As recently as June, Netflix looked like one of the biggest consumer success stories in digital media. The company was already synonymous with DVDs-by-email, an idea imitated worldwide, and was bundling on-demand TV and movie streaming at an incredibly low price. By May, Netflix traffic had overtaken Bittorrent volumes in the …
Netflix want to dump dvd rentals and go streaming only it's so obvious. It costs them far less to stream than mail a dvd out.
but it costs them far more to lose customers. It would have been more sensible to add a dollar or two onto the DVD option.
And the online catalog sucks compared
to the mailing catalog. I signed up because I thought I'd use that and erase some shows my roomie has permanently stored on the DVD even though she doesn't often watch them. During the time I've been using it, they've pulled 2 series I was in the middle of watching. The other night I discovered a third has maybe a quarter of the episodes online, and the rest are DVD only.
The price hike may be bad enough, the two businesses part is even worse. Adding an option to put a DVD on your mail list from the tv would be the more intelligent option.
Reality tells a different tale
> Netflix want to dump dvd rentals and
> go streaming only it's so obvious. It
> costs them far less to stream than mail
> a dvd out.
If that is really the case then why did they just part company with Starz over price?
It may cost more to push shiny disks around but at least I can buy them at the local Tesco. I can buy exactly the amount I need and I don't have to worry about Big Content suddenly deciding to jack the price back up to $90 per movie
Problem I have with Netflix...
Is it's reliance on Silverlight. This makes it absolutely useless on the systems I use all day and night. By flagrantly ignoring all licensing I can get it to limp along in a VirtualBox but it's quite an ugly hack. Apparently, even for Windows users, the Silverlight player is not as good as the player they used previously.
Use a PS3 or a Wii as your client for a Silverlight-free experience :)
Sky use the same crap.
On my old dual core laptop I can play stuff from BBC IPlayer with hardly any trouble, it only uses about 20-30% CPU and with my ADSL almost never pauses for data.
Sky us that silverlight garbage, its slow, uses ~98-100% CPU and constantly stops because it could not download the data stream and play it at the same time. Then to top it off the quality on the Sky system is at best equal to the low quality on BBC.
The only reason I allowed silverlight on the system was to try accessing Sky on damand, but it's just not worth it as the system is so awful.
And they wonder why people are tempted to just download the programs.
98% cpu usage with low quality streaming? And they said Silverlight would never compete with flash!
@Use a PS3
Each time there is the slightest change to the PS3's OS ... you have to have to download & install it.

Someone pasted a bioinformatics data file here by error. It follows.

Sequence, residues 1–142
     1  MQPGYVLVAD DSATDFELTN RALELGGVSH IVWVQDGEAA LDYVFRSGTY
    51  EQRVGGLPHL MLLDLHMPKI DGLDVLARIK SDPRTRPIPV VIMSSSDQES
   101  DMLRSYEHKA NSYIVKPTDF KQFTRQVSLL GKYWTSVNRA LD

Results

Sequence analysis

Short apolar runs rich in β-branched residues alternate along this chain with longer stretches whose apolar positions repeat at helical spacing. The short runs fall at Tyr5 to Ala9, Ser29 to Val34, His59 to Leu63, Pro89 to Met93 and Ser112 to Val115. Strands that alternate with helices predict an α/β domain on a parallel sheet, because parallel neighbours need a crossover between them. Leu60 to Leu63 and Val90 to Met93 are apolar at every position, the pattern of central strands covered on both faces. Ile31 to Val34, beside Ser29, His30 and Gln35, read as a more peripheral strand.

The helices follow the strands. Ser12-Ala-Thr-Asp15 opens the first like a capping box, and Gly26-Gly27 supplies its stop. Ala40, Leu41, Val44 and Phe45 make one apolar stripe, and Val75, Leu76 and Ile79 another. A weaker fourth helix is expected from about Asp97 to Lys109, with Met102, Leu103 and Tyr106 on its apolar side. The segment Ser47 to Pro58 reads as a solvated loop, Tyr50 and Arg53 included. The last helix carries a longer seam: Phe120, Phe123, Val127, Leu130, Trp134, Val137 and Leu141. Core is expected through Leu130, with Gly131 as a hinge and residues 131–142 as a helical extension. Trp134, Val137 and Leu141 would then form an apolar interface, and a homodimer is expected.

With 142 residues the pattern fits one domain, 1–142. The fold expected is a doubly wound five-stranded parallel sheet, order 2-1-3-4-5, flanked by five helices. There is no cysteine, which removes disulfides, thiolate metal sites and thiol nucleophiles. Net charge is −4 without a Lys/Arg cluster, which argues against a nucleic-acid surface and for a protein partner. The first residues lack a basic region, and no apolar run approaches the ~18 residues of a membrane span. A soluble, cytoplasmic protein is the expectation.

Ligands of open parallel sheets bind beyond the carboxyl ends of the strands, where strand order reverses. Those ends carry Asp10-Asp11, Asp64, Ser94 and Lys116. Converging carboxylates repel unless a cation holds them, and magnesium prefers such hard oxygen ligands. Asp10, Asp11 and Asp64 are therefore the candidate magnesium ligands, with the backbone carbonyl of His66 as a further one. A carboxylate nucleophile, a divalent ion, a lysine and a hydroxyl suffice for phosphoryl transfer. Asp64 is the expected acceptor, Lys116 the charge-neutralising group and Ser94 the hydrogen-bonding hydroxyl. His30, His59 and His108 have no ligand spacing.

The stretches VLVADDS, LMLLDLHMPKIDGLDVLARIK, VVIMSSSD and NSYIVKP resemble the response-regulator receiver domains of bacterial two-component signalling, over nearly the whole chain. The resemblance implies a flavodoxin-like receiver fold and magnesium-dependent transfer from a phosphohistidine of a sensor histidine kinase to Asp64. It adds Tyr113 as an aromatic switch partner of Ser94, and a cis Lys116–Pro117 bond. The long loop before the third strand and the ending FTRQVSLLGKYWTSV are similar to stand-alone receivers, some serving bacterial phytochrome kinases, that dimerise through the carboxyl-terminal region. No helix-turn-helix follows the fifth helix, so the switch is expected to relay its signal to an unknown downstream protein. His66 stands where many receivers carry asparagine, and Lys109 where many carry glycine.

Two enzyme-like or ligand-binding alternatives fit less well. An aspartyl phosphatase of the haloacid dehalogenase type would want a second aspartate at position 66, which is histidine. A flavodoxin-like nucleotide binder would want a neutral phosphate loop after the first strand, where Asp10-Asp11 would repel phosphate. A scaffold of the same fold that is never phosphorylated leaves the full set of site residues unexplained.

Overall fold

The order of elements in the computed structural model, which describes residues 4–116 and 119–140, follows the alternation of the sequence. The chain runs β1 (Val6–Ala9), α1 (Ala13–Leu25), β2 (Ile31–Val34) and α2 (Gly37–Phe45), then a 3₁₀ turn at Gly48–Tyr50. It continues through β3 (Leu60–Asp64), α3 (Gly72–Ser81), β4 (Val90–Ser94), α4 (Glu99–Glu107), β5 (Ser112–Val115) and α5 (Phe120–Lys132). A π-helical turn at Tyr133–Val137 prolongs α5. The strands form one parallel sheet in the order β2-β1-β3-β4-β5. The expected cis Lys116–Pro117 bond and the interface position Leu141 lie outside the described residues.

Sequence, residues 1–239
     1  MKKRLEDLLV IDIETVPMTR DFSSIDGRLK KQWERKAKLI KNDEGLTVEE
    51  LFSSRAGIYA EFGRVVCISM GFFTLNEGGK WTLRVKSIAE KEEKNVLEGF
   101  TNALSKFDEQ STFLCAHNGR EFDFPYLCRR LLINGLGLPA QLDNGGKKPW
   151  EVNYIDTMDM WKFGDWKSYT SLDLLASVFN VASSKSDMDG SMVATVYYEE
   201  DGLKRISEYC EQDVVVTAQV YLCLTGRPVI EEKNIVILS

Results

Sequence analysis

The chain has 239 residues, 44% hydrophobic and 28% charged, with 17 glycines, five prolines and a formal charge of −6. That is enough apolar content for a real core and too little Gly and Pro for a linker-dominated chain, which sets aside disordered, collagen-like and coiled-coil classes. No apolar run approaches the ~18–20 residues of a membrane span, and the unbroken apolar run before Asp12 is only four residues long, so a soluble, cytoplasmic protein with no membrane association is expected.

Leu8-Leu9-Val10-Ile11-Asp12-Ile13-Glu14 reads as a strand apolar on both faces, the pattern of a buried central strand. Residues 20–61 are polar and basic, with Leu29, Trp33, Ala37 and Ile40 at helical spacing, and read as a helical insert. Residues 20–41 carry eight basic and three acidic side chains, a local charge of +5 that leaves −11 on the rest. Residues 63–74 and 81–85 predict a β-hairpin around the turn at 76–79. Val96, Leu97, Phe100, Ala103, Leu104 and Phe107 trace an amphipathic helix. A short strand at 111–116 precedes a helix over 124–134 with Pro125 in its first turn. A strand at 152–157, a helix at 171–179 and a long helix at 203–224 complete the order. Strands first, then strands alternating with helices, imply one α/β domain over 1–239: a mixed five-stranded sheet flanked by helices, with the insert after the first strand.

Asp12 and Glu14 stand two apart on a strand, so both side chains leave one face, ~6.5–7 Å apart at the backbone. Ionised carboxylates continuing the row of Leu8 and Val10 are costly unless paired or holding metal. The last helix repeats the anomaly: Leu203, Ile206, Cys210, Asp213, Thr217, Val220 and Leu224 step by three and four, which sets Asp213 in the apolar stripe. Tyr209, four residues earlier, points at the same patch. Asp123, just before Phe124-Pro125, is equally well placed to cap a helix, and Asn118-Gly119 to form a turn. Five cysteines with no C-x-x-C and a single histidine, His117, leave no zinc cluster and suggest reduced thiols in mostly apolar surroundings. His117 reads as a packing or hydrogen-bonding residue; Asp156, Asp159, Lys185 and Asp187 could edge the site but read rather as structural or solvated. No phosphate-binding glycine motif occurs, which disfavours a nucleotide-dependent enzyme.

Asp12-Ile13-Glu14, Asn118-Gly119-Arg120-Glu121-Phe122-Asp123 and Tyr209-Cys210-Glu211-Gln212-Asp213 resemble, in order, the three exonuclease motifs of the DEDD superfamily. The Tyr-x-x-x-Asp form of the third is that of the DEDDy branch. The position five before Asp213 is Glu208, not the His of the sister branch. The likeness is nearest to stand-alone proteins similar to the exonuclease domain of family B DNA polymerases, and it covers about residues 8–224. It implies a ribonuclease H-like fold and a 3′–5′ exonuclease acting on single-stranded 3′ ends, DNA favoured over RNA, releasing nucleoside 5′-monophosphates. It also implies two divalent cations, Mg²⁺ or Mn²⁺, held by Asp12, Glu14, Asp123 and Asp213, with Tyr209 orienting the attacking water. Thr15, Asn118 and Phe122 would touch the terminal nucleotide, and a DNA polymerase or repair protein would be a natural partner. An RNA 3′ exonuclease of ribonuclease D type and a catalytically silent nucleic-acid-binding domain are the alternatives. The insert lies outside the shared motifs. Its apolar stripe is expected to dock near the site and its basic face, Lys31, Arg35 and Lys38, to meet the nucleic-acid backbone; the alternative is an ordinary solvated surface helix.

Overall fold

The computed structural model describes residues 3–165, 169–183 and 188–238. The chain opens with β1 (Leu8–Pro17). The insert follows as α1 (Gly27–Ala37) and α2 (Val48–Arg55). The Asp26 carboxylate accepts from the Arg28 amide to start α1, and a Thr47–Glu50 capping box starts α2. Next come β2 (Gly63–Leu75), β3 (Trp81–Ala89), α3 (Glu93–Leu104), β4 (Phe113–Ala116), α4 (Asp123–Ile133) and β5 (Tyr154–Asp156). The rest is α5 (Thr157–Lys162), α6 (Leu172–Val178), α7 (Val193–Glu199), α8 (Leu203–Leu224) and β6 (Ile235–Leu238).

Each time Sony adds another screw to its terms of service, Netflix insists you go along for the ride.
Of course there is no such thing as a PSN outage...
And after doing that mandatory update yesterday, no Netflix on PS3 anymore.
For now I dislike Sony more than Netflix but that might change and I resent being hostage to both their goofs.
It's all going to hell, we've upset all our customers, what can we do, fix the problem?
No, let's rename part of our core business, that'll fix it!
Seriously, is Catbert running the company?
Another Netflix Customer Service Fail
One thing the article fails to mention is that Qwikster will at some point in the future carry games for rent too. This may tip the model slightly if the additional cost is $1 (as Blu-Ray rental currently is). This might attract those who have other services eg GameFly to cancel that account and keep the DVD option on Qwikster.
Netflix used to be pretty good value. Now splitting it up and charging more leaves a bad taste in the mouth if the status quo of content remains. Some of the newer TV series are available on DVD but 4 months after the DVD release you still can't get it on Streaming. New movies likewise lag on streaming over DVDs.
Also, grovelling emails don't placate the masses of people annoyed with apparent huge price hikes.
In the end if this delivers better content people will stay, if not expect lots of Netflop jokes.
DIVX all over again? Kinda sounds that way, although I wonder -- this is an Orlowski article, and I would think he if anyone would be all over that if there were even the slightest hint of it actually happening.
Awesome that Netflix is going to become an enormous pain in the ass to use, though. Back to Bittorrent!
Emotion trumps logic
Many of us saw this backlash coming as soon as the announcement was made. Netflix' reasoning was that by splitting the business into 'mostly DVD' and 'mostly streaming' they would simplify things and actually save the bulk of their customers some money. This line was trotted out repeatedly by Netflix and by industry pundits, not least by a certain Mr. Laporte whose sponsored podcasts could barely be heard for a couple of weeks over the sound of his frantic back-pedalling.
The thing is, logically Netflix are right. If a customer spends most of their time watching streaming movies and only rents the occasional physical DVD, they're probably better off going for the streaming-only option and popping down to the local DVD shop for the odd disc. Likewise, a traditional disc renter who never streams will save a couple of bucks a month by not taking that option. If the figures are to be believed, the bulk of Netflix' customers do fall into one of these two categories.
The problem is that customers aren't neat little rows of numbers on a spreadsheet. They're human, and human emotion nearly always trumps human reason. If you've been charging someone $x for a service, then suddenly expect them to pay $1.6x for the same thing, they'll react as though they're being taken.